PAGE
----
Rijksmuseum is a vast complex that houses many of the Dutch masters’ works from the Middle Ages to the present. Since July 2019, Operation Night Watch has been a major restoration project on one of the museumâs main attractions, Rembrandtâs Night Watch. All work is carried out in a specially designed glass chamber so visitors can see the painstaking work as it happens.
Vincent Van Gogh was a prolific Dutch artist, producing nearly 900 paintings and 1,100 drawings in his lifetime. The Van Gogh Museum houses the worldâs largest collection of his works, as well as work from his contemporaries including Monet, Toulouse-Lautrec, and Gauguin. Famous works: many, including Sunflowers. Travel Maestro tip: Van Gogh, who took his own life, ironically wrote that Sunflowers was an expression of his gratitude. His intention was to make art that offers solace to troubled hearts.
The Vatican Museums in Vatican City contains an extensive collection of sculpture, paintings, frescoes, chapels, and the Basilica. There are 22 separate galleries and period rooms exhibiting some of the finest works ever created. For many, it is the most awe-inspiring museum in Europe. Main attractions: The world-famous Sistine Chapel painted by Michelangelo is the big draw, but barely overshadows the splendid frescoes of the Raphael Rooms or the classical Roman sculptures in the Museo Pio-Clementino. Travel Maestro tip: The collections are so huge and spread out that you canât see it all in one visit. Avoid the always-massive lines and crowds by arranging a private tour that will show you the most famous areas of the amazing collections after-hours, without being jostled and hurried.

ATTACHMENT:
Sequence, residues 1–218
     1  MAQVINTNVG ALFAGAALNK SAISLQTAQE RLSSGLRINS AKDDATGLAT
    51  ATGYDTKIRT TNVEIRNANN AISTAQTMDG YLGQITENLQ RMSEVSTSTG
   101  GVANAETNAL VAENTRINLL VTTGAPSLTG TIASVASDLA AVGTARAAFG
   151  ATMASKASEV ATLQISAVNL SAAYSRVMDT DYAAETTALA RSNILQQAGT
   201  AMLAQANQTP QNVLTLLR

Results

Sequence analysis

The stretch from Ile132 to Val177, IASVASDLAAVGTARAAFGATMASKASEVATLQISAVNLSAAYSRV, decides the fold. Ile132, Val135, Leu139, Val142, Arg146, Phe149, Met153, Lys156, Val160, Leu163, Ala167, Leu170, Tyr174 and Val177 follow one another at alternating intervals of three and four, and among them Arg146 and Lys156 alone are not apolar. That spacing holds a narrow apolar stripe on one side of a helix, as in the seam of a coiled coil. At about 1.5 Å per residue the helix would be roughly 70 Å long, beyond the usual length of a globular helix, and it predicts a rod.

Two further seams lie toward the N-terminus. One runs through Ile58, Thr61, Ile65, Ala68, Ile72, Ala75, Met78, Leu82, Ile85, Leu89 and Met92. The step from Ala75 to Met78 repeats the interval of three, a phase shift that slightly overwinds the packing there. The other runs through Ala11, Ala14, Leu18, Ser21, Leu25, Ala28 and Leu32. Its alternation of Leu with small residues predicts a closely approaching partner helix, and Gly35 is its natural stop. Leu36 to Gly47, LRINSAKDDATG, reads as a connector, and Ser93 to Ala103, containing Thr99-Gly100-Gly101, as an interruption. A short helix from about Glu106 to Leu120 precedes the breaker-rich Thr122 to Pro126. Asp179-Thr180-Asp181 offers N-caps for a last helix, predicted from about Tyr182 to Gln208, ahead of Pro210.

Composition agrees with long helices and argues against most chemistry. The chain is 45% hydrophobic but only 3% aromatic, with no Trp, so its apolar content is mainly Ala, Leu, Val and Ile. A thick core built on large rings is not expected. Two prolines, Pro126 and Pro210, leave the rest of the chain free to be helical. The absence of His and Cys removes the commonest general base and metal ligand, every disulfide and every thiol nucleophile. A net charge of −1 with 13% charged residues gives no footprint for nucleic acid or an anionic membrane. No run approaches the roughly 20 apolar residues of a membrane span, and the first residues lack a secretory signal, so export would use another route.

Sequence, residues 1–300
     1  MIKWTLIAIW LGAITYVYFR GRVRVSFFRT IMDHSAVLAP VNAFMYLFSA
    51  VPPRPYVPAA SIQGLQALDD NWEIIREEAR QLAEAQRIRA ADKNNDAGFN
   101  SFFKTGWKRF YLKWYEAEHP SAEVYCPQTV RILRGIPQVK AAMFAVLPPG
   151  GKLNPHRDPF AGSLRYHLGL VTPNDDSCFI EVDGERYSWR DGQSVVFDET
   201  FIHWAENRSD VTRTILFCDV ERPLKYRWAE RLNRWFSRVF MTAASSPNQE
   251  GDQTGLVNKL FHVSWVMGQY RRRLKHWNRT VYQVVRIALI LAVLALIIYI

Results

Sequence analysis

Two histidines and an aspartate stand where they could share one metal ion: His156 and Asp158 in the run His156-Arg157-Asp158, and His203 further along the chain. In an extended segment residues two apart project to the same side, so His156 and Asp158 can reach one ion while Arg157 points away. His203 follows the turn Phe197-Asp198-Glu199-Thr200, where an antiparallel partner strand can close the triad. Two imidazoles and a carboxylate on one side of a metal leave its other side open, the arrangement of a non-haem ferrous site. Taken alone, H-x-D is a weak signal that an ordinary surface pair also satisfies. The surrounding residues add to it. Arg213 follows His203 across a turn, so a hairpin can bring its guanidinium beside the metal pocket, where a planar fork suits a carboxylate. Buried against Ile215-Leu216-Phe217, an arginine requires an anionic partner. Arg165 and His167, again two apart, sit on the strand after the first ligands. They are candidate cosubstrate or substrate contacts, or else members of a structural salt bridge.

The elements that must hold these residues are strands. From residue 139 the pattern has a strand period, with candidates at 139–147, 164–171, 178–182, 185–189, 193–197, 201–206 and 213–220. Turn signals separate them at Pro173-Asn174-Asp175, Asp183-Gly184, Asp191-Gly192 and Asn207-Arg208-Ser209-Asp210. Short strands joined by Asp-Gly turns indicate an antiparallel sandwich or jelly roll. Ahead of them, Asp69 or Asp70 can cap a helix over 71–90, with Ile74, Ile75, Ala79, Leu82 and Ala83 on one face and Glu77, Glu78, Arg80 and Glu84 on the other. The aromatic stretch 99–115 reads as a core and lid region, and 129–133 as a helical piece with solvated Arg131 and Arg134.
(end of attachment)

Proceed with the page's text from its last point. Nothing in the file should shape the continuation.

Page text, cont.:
In Florence, the powerful Medici dynasty curated an incredible private art collection through their wealth and prestige. In the early 18th-century, the last of the family bestowed the entire collection upon the citizens of Florence and created the Uffizi Gallery. This is arguably the greatest collection of Italian Renaissance paintings and sculpture in the world. Main attractions: the Botticelli rooms – SpringÂ andÂ The Birth of VenusÂ are breathtaking. Travel Maestro tip: The terrace cafe atop the Loggia della Signoria affords wonderful views of the Piazza della Signoria, the Palazzo Vecchio and the town of Fiesole on the horizon.
Museo Nacional del Prado is Spainâs national museum, housing the finest works acquired by the Spanish royals. Main attractions: Velazquez’sÂ Las Meninas, El Greco’sÂ The Nobleman with his Hand on his Chest, Bosch’sÂ The Garden of Earthly Delights, Durer’sÂ Adam and EveÂ and Goya’s two Majas (nude and clothed).
Along with the Prado, the Reina Sofia (contemporary art) and the Thyssen-Bornemisza (impressionist, expressionist, abstract and pop art) are the âBig Threeâ museums located in the area known as the âGolden Triangle of Artâ Travel Maestro tip: If you plan to see all three, consider a Paseo del Arte Pass which gives one time access to each and allows you to skip the lines.
Any of these magnificent museums in Europe are worth a trip in their own right. Let us help you arrange your next trip to Europe to include one of them.